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Jeffrey D. Mirocha and Katherine A. Lundquist

Abstract

To facilitate multiscale simulation using the Weather Research and Forecasting Model, vertical mesh refinement for one-way concurrent nested simulation was recently introduced. Grid refinement in the vertical dimension removes the requirement of different grid aspect ratios on the bounding versus the nested domain, such that results from refinement are in the horizontal directions only, and thereby can also reduce numerical errors on the bounding domain arising from large aspect ratios in the presence of complex terrain. Herein, the impacts of vertical grid refinement on the evolving downstream flow in nested large-eddy simulations are evaluated in relation to other model configuration choices, including turbulence subfilter-scale (SFS) stress models, mesh configuration, and alternative methods for calculating several near-surface flow parameters. Although vertical nesting requires coarsening of the vertical grid on the bounding domain, leading to a smaller range of resolved turbulence scales in the nest’s lateral boundary conditions, parameter values within the nested domains are generally only minimally impacted, relative to nesting using the same vertical grid on each domain. Two dynamic SFS models examined herein generally improved the simulated mean wind speed, turbulence kinetic energy, stresses and spectra, on both domains, and accelerated equilibration rates within nested domains, relative to two constant coefficient models. A new method of extrapolating horizontal velocity components to near-surface locations at nested domain lateral boundaries, and a correction to the calculation of deformation elements near the surface, are each shown to slightly alter the mean parameter values, yet only minimally impact equilibration rates within the nested domain.

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Katherine A. Lundquist, Fotini Katopodes Chow, and Julie K. Lundquist

Abstract

This paper describes a three-dimensional immersed boundary method (IBM) that facilitates the explicit resolution of complex terrain within the Weather Research and Forecasting (WRF) model. Two interpolation methods—trilinear and inverse distance weighting (IDW)—are used at the core of the IBM algorithm. This work expands on the previous two-dimensional IBM algorithm of Lundquist et al., which uses bilinear interpolation. Simulations of flow over a three-dimensional hill are performed with WRF’s native terrain-following coordinate and with both IB methods. Comparisons of flow fields from the three simulations show excellent agreement, indicating that both IB methods produce accurate results. IDW proves more adept at handling highly complex urban terrain, where the trilinear interpolation algorithm fails. This capability is demonstrated by using the IDW core to model flow in Oklahoma City, Oklahoma, from intensive observation period 3 (IOP3) of the Joint Urban 2003 field campaign. Flow in Oklahoma City is simulated concurrently with an outer domain with flat terrain using one-way nesting to generate a turbulent flow field. Results from the IBM-WRF simulation of IOP3 compare well with observations from the field campaign, as well as with results from an urban computational fluid dynamics code, Finite Element Model in 3-Dimensions and Massively Parallelized (FEM3MP), which used body-fitted coordinates. Using the FAC2 performance metric from Chang and Hanna, which is the fraction of predictions within a factor of 2 of observations, IBM-WRF achieves 100% and 71% for velocity predictions using cup and sonic anemometer observations, respectively. For the passive scalar, 53% of the model predictions meet the FAC5 (factor of 5) criteria.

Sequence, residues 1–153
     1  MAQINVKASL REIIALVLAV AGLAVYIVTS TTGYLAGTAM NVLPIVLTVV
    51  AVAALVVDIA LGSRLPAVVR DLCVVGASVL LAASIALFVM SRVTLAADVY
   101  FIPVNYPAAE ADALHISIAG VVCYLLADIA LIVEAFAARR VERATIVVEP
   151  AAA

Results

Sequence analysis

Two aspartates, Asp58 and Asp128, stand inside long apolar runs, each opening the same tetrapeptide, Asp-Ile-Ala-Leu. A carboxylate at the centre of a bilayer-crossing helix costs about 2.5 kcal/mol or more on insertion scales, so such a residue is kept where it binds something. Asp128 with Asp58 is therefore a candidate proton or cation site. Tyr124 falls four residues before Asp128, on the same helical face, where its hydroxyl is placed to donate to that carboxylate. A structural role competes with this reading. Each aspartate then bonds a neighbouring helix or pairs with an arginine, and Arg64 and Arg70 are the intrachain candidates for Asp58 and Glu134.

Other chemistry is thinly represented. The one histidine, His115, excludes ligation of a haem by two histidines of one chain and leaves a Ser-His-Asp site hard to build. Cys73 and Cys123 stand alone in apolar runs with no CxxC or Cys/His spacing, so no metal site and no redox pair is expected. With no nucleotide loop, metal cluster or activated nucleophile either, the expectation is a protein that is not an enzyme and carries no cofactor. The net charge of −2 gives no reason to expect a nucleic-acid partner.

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Katherine A. Lundquist, Fotini Katopodes Chow, and Julie K. Lundquist

Abstract